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Henry Ford was a hero to many working-class people. His company offered high wages and jobs to many including veterans, African Americans and people with disabilities. However, during the Great Depression of the 1930s, work rules became stricter, wages were cut, people lost jobs and supervisors often bullied workers. Workers everywhere were organizing unions to protect their rights.
United Autoworkers of America Billboard (0-8738)
In 1934, the Congress of Industrial Organizations (CIO) attempted to unionize mass-production industries across the nation such as textiles, steel, rubber and automobiles. More than 1.5 million workers engaged in work stoppages.
Union Members Distributing Leaflets at the Rouge (P.833.68765.21)
After devastating strikes in 1936 and 1937, General Motors and Chrysler agreed to union contracts with the newly formed CIO-affiliated United Auto Workers (UAW). Of the Big Three auto makers, only Ford refused to accept the union.
Ford Motor Company Brochure claiming “there is no labor troublewithin the Ford organization” (64.167.951.7)
In early 1937, union supporters at the Rouge began holding rallies and handing out newspapers and leaflets to workers as they arrived or went home after a day’s work.
Unionism not Fordism Leaflet, 1936 (64.167.354.1)
These rallies could be risky since Ford security men and Dearborn police tried to physically prevent organizing efforts on or near company property.
UAW auxiliary, the Emergency Brigade (EB) WomanSpeaking to Ford Security (O.8966)
Woman, both as workers and as wives of workers, played important roles in the union effort.
Preparing to Distribute Leaflets at the Rouge. (833.69565-C)
Many women were directly involved in planning and conducting leafleting, rallies and strikes.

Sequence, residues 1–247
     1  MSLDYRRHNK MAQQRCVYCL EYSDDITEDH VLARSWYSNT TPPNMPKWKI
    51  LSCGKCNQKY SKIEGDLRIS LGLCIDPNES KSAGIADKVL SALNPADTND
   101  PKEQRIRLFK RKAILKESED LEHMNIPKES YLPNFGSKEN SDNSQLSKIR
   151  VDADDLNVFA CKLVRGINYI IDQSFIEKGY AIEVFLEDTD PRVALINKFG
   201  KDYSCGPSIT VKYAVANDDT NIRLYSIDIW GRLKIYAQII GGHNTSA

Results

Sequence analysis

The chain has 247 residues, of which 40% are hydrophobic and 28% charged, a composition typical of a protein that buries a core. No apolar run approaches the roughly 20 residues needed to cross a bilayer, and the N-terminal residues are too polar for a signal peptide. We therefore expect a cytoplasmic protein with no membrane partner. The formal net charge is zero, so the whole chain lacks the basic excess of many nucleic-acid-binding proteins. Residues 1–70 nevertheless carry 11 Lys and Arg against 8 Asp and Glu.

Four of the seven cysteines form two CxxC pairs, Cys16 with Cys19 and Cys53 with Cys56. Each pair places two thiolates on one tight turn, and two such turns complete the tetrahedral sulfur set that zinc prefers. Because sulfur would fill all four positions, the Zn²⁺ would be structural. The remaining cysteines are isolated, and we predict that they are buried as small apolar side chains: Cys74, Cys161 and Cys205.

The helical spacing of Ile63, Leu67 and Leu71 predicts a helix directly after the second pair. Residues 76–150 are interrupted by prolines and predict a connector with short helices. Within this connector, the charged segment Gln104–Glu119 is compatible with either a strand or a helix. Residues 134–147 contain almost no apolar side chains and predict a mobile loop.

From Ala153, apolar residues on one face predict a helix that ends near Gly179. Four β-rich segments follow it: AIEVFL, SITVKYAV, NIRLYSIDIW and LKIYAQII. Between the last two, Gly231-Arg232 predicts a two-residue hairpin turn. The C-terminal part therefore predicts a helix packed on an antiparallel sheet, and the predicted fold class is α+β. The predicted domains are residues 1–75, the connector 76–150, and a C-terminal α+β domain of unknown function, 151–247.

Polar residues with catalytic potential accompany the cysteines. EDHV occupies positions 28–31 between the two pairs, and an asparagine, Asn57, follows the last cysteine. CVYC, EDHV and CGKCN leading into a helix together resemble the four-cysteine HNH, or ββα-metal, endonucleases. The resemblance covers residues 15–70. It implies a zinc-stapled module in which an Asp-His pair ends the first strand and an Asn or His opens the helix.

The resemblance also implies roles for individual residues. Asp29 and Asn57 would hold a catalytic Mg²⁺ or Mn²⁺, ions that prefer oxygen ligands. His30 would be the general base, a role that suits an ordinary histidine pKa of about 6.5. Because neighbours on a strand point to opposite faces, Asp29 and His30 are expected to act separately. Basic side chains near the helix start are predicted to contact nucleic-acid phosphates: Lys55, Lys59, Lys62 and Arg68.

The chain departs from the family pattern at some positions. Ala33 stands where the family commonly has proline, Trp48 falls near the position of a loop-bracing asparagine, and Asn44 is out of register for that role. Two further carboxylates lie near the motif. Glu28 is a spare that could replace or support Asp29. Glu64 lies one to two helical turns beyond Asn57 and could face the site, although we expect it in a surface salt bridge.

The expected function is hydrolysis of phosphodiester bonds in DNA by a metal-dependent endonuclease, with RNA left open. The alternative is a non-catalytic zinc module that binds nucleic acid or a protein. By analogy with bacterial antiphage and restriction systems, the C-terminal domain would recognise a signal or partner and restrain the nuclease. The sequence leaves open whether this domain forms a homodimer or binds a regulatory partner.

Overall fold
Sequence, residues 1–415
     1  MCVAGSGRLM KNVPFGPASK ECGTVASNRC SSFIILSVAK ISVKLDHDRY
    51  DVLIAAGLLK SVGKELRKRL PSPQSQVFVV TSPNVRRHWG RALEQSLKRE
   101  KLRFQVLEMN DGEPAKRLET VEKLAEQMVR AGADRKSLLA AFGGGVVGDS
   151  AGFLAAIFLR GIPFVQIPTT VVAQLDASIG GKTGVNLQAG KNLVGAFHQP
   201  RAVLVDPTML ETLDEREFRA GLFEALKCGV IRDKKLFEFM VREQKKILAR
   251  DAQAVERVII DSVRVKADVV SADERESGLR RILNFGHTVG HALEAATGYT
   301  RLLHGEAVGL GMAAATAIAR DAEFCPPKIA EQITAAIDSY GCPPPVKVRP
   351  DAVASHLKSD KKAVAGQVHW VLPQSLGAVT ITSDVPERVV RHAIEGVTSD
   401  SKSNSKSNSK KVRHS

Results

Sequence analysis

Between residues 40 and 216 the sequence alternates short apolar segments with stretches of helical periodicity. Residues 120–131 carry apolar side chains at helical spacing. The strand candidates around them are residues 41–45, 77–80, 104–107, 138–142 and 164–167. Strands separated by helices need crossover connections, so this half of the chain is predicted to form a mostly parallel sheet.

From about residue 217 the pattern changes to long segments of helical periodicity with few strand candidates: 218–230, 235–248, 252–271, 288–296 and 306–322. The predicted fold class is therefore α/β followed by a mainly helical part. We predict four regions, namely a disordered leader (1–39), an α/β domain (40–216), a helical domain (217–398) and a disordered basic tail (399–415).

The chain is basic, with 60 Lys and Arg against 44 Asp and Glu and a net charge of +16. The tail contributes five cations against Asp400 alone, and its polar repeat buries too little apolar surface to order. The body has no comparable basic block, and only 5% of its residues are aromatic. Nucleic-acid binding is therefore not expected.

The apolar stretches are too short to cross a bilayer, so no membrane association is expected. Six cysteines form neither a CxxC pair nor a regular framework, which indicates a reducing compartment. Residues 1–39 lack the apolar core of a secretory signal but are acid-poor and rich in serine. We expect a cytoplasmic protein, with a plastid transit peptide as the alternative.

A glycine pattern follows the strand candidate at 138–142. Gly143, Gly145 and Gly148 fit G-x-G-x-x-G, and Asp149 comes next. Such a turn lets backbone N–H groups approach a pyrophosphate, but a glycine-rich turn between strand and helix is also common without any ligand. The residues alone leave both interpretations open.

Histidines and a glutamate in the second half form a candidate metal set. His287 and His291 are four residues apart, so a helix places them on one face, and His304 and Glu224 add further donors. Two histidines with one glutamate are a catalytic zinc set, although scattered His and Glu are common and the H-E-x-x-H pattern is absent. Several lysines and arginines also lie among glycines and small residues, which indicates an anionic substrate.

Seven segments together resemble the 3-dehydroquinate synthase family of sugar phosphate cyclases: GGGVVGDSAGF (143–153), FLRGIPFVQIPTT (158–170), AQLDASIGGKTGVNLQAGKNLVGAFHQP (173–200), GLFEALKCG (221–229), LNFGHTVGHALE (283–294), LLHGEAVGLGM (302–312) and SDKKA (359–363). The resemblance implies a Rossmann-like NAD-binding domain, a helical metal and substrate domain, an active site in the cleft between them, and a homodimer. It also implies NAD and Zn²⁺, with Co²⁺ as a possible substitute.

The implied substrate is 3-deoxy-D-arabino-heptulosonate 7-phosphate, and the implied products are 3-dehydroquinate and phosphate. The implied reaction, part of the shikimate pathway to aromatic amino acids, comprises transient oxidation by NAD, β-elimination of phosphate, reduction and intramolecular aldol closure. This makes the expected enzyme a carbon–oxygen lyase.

Rally at the Rouge (833.69368-Q)
The main leaflet distribution point was Gate 4 on Miller Road. The company built a pedestrian overpass linking the gate with a streetcar line across the street and then leased the overpass to the Detroit Street Railway Commission.
Overpass at the Rouge (P.O. 8988)
In April 1937, the U. S. Supreme Court upheld the Wagner Act protecting workers’ rights to unionize. Many workers were upset when Henry Ford publicly announced “We’ll never recognize the United Automobile Workers Union or any other union.” Hundreds of union sympathizers were arrested in an attempt to intimidate workers and keep the union out of the Rouge plant.
Arrest of UAW Officers, 1938 (0-8889)
On May 26, 1937, more than 100 women distributed leaflets along Miller Road. Union leaders Walter Reuther, Richard Frankensteen, Robert Kanter and J. J. Kennedy watched from the top of the overpass.
Union Leaders on the Overpass, May 26, 1937 (833.68529-17)
Members of the thuggish Ford Service Department attacked the union leaders. Ford executive Harry Bennett specifically hired ex-convicts to intimidate workers. Frankensteen and Reuther were beaten bloody.
Ford Service Men Attacking Union Leaders, May 26, 1937 (0-4951)
Ford security men (often called “goons”) also assaulted the leafleters, inflicting dozens of injuries including a broken back and one fractured skull.
Frankensteen and Reuther after the “Battle of the Overpass” (833.68529)
The “Battle of the Overpass,”as it became known, was a turning point. Public opinion turned quickly in the union’s favor; however, Ford continued its opposition to the union organizers.
UAW Billboard, 1938 (P.833.69737)
Ford Workers Picketing (0-4622)
On April 1, 1941 Rouge workers, fed up with the company’s anti-union violence, spontaneously shut down the plant, sabotaged Ford equipment and walked off the job. Ironically, workers used their cars to completely surround the Rouge during the 1941 strike.
Aerial View of Rouge, 1941 (0-4564)
Finally, on May 21, 1941 Ford workers had the opportunity to vote for or against the union. The UAW-CIO received 70% of the more than 78,000 votes cast, a more conservative union received 27% and Henry Ford’s proposal for no union at all received just 3%.
Workers Voting on the Union, 1941 (833.75664.E)
Even after the union was recognized, workers showed their strength and support by gathering at Gate 4 on June 1, 1941 to hear about the ongoing contract negotiations.
Union Rally, 1941 (95.97.4)
The “Battle of the Overpass” was just one day in the five-year struggle to unionize the Ford Motor Company. Michigan Governor Murray Van Wagoner congratulates U.A.W. President R. J. Thomas for negotiating a contract with Ford as Harry Bennett, Head of the Ford Service Department, looks on.
Union Negotiations Completed, 1941 (0.8927)